According to a former Clinton staffer, the late Saturday phone call between John Kerry and Bill Clinton was the first extensive conversation the two men had had since Kerry won the nomination. Former Clinton senior staffers Paul Begala and Joe Lockhart brokered the call, while another former Clinton staffer now on the Kerry payroll leaked word of the conversation to the New York Times.
As reported by the Prowler last week, it isn't entirely clear how the staff shakeup affects some of the current Kerry advisers. A week ago, it appeared that Lockhart would be traveling extensively with Kerry on the campaign trail. But on Sunday it was decided that Kerry's longtime friend and adviser John Sasso would leave his post at the DNC to travel with Kerry. Lockhart, while doing some travel, is expected to stay in Washington working out the kinks in the campaign's press and rapid response operation.
"Kerry doesn't know these people the way he knows his longtime aides," says a Kerry adviser in Washington of the Clinton crew. "He has talked to them in the past, but hasn't worked with them. Really, this is a trust thing on Kerry's part. Kerry is basically handing over the entire operation to Clinton, who is now saying, 'Shut up, do what I say, and I will get you elected.'"
CLINTON HAD BEEN STANDING on the sidelines for several months, quietly -- at least for him -- observing the Kerry campaign. There has been tension between the Kerry and Clinton camps, if only because it was made to clear to Kerry early on after locking up the nomination that he would not be able to make major changes to the party, which Bill Clinton still controls, thanks to his placement of key staffers at the Democratic National Committee and the party's national fundraising apparatus and network.
But according to the former Clinton staffer, Clinton plugged himself back in after several former advisers -- Lockhart and Paul Begala -- began speaking more frequently with Kerry in the past month, and as Lockhart took the step of becoming a full-time adviser.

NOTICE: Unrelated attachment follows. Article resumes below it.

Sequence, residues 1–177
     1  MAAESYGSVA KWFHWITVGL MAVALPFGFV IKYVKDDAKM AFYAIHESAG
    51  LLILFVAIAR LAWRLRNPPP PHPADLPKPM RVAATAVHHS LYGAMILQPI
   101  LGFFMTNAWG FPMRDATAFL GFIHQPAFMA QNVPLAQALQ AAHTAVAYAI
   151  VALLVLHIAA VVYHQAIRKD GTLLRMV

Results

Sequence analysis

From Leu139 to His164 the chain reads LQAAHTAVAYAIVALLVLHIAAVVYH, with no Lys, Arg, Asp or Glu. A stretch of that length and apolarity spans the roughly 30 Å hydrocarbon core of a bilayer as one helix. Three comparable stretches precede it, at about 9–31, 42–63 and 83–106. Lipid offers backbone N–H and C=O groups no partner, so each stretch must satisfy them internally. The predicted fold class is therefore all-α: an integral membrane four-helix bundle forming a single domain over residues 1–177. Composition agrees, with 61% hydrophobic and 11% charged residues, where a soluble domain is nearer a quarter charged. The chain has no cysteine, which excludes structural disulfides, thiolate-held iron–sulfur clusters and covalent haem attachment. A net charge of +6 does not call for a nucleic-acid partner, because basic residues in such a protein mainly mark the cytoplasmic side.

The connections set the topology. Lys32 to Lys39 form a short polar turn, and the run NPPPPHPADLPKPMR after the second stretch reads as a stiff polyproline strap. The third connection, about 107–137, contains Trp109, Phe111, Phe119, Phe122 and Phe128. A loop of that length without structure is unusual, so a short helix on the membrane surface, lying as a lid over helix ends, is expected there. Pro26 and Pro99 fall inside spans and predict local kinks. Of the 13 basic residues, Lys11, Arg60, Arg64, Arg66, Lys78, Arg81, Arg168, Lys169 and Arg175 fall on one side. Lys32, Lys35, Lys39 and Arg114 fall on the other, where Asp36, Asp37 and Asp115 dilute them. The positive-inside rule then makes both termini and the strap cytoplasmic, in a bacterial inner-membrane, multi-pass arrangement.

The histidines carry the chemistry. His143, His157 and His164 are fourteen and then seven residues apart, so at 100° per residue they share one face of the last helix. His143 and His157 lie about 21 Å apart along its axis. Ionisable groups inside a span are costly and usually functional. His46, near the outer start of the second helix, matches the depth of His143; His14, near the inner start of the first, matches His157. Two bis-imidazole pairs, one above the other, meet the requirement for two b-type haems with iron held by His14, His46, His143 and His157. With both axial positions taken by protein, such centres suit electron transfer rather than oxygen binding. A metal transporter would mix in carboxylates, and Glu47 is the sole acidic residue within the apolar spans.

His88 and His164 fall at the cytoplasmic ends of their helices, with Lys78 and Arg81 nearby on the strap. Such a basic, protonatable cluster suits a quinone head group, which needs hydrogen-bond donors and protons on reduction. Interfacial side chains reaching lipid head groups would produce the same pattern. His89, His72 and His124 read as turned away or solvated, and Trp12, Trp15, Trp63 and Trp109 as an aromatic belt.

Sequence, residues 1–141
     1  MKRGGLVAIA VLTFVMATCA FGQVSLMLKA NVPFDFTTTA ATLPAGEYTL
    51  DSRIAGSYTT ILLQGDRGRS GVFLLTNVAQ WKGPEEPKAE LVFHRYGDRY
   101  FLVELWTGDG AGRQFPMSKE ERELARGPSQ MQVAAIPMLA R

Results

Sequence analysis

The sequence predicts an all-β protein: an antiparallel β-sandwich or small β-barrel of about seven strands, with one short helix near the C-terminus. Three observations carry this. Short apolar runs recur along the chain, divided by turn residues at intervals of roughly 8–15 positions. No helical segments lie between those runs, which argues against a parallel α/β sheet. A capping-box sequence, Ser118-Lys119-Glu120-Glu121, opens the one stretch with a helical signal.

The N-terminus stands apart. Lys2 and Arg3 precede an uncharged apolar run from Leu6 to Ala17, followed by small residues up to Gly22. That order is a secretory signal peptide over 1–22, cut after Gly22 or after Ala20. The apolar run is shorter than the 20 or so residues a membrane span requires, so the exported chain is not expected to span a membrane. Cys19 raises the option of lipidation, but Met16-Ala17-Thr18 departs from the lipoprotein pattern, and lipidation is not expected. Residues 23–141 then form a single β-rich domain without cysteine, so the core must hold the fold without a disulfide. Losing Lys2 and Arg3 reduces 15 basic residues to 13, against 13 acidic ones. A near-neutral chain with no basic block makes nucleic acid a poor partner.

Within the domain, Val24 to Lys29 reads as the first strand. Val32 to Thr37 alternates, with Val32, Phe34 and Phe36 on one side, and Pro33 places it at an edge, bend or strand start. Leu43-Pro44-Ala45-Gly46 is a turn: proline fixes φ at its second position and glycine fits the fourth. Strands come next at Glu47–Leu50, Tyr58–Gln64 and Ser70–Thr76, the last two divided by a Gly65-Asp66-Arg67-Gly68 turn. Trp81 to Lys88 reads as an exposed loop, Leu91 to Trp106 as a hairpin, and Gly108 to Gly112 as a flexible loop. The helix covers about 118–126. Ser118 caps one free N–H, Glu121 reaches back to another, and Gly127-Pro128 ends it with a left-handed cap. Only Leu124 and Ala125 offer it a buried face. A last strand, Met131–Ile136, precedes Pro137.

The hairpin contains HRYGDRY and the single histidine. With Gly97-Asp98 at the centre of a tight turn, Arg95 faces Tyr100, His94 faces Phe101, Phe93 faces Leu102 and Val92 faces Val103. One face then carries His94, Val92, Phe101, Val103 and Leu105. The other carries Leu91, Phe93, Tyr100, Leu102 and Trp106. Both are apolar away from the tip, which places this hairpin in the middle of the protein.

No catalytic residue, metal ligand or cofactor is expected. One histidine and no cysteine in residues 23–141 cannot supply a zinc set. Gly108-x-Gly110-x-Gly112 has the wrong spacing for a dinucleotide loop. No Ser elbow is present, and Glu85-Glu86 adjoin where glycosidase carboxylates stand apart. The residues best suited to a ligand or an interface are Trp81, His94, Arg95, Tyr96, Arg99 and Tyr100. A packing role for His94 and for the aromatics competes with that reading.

"The opening came when Kerry lost complete confidence in [Mary Beth] Cahill and [Bob] Shrum," says a Kerry staffer. "They are in the room during meetings, but you sense that Kerry is just being polite. It's the Lockharts and Begalas that now hold sway and have the upper hand."
Says a former Kerry adviser: "It has be just killing him on some level. Six months ago, it looked like he could win this thing without Clinton and maybe become a leading figure in the party, not on Clinton's level, but up there. Now he knows that if he wins, it's not because of anything he did. It's because he was humbled into basically letting Bill Clinton save his bacon. That has to burn bigtime."
Meanwhile, the work of refocusing the Kerry campaign continues almost constantly. On Monday, Kerry closed off his portion of the plane to all press and non-campaign staffers to huddle with advisers and work on the new message for the rest of the day.
"It's a matter of bringing him up to speed," says a Kerry adviser. "For the next two weeks it's going to be the Clinton people telling him what to do, then Kerry turning to people like Sasso for reassurance that it's the right thing for him to do. It's just going to be odd."
ACCORDING TO THE FORMER staffer, Clinton was not particularly irked by Kerry's seeming public lack of interest in having the Clintons front and center in his campaign. Clinton was satisfied with the knowledge that most Democrats and political players knew that he controlled the party. But in the past few weeks Clinton had also reached the decision that if Kerry were to lose, and perhaps lose badly, Clinton would be blamed for not making the effort for a fellow Democrat in what people even in his own party acknowledge is a critical election for Democrats.
Some of the people who lobbied Clinton came from organized labor, which this year is essentially financing the entire Democratic campaign. According to an AFL-CIO lobbyist, Clinton was told two weeks ago that this election was not about his reputation but rather the survival of organized labor in the United States.